I am learning Direct3D 11, and in all basic tutorials I found on shader writing, Vertex and Pixel shaders are written so they transform whole scene same way. Tutorials like render cube with texture...

But I wonder, how do you differentiate objects? What if you want, for example, to simulate mirror surface on some object and use different shaders to render rest of the scene? I think that most games must use many vertex and pixel shaders to achieve various look and transformations.

Thank you.


1 Answer 1


Yes, a game engine will in general have a variety of different shaders. The typical pattern is:

  1. While initializing the engine and loading the game world, prepare all the shaders you will use for rendering. By "prepare" I mean load them into memory, compile them if necessary, and do all the ID3D11Device::CreatePixelShader and similar calls to get the D3D shader objects allocated and ready to go. Keep the objects in an array or some other data structure.

    Usually you will have a one-to-one relationship between vertex shaders and pixel shaders that are designed to work together. I think of them as a single object, which I just call a "shader", even though it really contains a vertex shader and a pixel shader (and maybe geometry/hull/domain shaders as well).

  2. Each frame, once you have found the list of objects (meshes) to render, sort them by shader. The idea is to minimize the number of times you switch shaders in a frame, by drawing all the objects with a given shader together. This is because switching shaders is a somewhat expensive operation (although you can certainly do it several hundred or a thousand times per frame, so it's not really that expensive).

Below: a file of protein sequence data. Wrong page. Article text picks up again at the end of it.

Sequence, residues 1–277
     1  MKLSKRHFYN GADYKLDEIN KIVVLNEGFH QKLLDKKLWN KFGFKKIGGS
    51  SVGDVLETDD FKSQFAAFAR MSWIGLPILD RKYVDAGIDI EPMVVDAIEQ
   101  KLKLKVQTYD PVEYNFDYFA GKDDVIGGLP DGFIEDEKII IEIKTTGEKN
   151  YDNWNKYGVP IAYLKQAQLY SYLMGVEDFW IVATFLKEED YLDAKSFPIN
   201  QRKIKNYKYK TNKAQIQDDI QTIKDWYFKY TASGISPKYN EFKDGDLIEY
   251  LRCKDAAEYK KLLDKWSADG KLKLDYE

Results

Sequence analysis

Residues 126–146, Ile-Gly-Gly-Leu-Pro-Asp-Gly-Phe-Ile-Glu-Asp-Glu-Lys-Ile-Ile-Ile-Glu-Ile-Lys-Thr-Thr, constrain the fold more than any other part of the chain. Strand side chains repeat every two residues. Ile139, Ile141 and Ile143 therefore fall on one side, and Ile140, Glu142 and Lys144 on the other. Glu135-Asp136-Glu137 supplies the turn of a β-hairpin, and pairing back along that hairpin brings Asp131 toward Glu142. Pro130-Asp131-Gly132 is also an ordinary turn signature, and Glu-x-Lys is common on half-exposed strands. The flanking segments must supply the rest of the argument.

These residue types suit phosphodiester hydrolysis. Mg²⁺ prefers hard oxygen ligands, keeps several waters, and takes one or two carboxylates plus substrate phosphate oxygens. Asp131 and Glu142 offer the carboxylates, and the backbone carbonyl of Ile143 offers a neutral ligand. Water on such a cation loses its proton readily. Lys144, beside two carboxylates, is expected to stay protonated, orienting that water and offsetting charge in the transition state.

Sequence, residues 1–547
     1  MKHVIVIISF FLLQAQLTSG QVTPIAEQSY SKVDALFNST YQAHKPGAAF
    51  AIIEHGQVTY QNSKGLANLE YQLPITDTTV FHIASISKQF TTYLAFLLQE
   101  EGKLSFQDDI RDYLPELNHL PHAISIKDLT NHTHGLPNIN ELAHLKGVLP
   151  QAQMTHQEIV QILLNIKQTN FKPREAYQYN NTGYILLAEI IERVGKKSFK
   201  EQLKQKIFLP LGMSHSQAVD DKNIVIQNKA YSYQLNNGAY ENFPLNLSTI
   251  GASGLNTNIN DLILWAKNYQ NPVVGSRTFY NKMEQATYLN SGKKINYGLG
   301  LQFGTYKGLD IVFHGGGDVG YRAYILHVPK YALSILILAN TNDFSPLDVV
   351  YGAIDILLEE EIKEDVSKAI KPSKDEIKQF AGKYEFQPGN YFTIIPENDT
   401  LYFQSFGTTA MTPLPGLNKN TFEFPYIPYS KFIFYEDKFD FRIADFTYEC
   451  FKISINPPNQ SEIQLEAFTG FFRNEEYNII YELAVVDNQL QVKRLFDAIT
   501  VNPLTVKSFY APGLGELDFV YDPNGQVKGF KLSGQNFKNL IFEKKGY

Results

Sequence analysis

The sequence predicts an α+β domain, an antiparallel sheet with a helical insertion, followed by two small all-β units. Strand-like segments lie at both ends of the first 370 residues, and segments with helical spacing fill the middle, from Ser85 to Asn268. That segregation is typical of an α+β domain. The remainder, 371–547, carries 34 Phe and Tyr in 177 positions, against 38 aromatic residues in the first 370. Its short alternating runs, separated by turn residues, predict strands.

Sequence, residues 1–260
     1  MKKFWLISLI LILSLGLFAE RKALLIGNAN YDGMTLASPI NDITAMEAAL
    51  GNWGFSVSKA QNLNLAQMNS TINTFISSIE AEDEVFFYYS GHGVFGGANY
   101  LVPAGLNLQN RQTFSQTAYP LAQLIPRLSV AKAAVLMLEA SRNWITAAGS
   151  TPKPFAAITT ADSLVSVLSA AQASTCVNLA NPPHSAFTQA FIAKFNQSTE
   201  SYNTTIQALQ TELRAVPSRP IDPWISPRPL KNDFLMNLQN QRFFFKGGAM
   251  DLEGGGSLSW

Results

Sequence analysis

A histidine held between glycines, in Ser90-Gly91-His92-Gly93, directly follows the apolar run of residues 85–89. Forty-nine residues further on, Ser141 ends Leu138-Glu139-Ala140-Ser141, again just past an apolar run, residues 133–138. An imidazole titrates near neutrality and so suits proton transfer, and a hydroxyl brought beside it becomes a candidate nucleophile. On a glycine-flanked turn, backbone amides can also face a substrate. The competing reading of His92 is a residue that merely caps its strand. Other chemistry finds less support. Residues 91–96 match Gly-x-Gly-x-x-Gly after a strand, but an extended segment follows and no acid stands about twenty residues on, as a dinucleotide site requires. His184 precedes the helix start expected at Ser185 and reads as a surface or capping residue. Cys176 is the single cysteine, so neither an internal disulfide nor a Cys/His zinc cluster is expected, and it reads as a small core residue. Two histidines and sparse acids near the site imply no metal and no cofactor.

In fact, you can go one step further and sort meshes by shader first and material second. By "material", I mean a combination of a shader and a set of textures and parameters for it. Shaders usually have some textures and numeric parameters (stored in constant buffers) that feed into them, so for instance a brick material and asphalt material might use the same shader code, just with different textures.

  3. To draw, just loop over the shaders, set each shader in the ID3D11DeviceContext, set any parameters (constant buffers, textures, etc.), then draw the objects. In pseudocode, including the shaders/materials distinction I mentioned:

    for each shader:
        // Set the device context to use this shader
        for each material that uses this shader:
            // Set the device context to use any constant buffers, textures, samplers,
            // etc. needed for this material
            for each mesh that uses this material:
                // Set any constant buffers containing parameters specific to the mesh
                // (e.g. world matrix)
                // Set the context to use the vertex & index buffers for this mesh
                // Draw it

There's a lot more that could be said about managing objects, meshes, shaders, input layouts, constant buffers, etc. but this should be enough to get you started. :)

  • \$\begingroup\$ You propose sorting by shader and then by material. Do you have any hard data on the cost of switching shaders vs switching materials? Oh, and for DX9, a VS/PS combination is called "program". I'm not so sure if they still use that terminology in DX11. \$\endgroup\$ Commented Feb 22, 2013 at 10:10
  • 1
    \$\begingroup\$ @PandaPajama That's a good question. No, I don't have or know of any recent measurements of the actual cost of switching materials or shaders. This approach has been the "common wisdom" for years, but it's worth doing some actual measurements to see how things have changed...maybe I'll do that if I can find the time. :) \$\endgroup\$ Commented Feb 22, 2013 at 18:21

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